To Our MACU Family,
The recent murders of George Floyd, Ahmaud Arbery and Breonna Taylor have caused national and global anger and outrage. We understand that unrest comes from long term battles for change that have failed to relieve oppression. As a University, we are grieved by the loss of human life and abuses of power. We believe this grieves the heart of God.
Our CHOG national Director, Rev. Jim Lyons recently wrote, “We stand with Jesus, who never changes. This gives us a certain anchor, a confident hope, even as our hearts are torn. But, if we can face the future with hope in Christ, it must also be said that to follow Jesus we must also know how to weep, to acknowledge the plight and confusion of the world before us. We are a part of that world, too. Jesus is as much about the here and now as He is the hereafter. How can we know the Man of Sorrows if we don’t know sorrow?” To our MACU alumni, staff, faculty and students of color, we stand with you, weeping, praying, and sharing the sorrow.
We see that there is more work for us to do as a people of faith. We believe that healing must take place among the people of God and through the process of lament and repentance. As we consider the heart of God and the example of our Lord who laid down his life for others in radical self-denial, may we be ministers of healing and hope that leads to change.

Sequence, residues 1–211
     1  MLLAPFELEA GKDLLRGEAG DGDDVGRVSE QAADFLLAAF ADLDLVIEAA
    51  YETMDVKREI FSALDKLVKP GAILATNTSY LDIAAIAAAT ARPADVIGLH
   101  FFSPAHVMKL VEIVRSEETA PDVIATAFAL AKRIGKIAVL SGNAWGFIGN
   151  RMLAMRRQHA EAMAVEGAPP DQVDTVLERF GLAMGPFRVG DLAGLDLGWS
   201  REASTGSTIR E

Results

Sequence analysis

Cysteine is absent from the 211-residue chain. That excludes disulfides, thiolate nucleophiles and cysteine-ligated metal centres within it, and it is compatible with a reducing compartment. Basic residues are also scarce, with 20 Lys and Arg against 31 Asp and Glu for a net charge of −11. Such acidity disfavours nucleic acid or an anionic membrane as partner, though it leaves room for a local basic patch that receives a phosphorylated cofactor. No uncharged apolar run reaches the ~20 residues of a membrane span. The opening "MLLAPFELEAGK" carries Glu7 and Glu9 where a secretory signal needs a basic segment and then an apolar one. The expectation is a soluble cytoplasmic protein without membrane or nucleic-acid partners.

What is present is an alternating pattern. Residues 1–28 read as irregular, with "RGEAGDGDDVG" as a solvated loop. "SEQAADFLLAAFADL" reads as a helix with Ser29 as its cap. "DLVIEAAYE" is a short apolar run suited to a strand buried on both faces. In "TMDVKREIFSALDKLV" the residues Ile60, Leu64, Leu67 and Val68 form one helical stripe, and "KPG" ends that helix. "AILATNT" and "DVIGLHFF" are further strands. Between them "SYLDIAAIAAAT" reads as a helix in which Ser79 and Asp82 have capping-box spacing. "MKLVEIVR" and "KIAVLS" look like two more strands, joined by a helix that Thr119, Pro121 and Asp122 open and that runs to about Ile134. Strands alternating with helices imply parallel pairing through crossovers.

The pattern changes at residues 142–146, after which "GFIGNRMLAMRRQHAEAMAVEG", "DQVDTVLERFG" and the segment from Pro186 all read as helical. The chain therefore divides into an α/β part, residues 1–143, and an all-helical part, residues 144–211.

We are committed to push back injustices wherever they may be built as we are pushing toward God’s vision for his church in the work of reconciliation. We remain committed to discipling the hearts of our students to be leaders who solve the ailments at the root of this problem. We remain committed to being a faculty and staff who are devoted to understanding and empathy. Deeply ingrained habits to silence and dismiss the experiences of people of color is a fundamental failure of our duty to love one another.
Further, we do not want to remain silent toward the cause of justice. We believe that as we live out an ethic of love and justice, we are fulfilling our mission as an institution and glorifying God. We are submitted to the authority of the Bible on matters of love and unity. The scripture makes plain that, “anyone who claims to be in the light but hates a brother or sister is still in the darkness,” 1 John 2:9. We don’t want to merely be hearers of God’s word but incarnational examples of his word lived out. We will live in the light.
We know that the work of love and justice is a long-term process. We also know that we serve a God who is well-able to do more than we could ask or imagine as we submit our hearts and our hands to the work of gospel reconciliation.
John Fozard, Ph.D.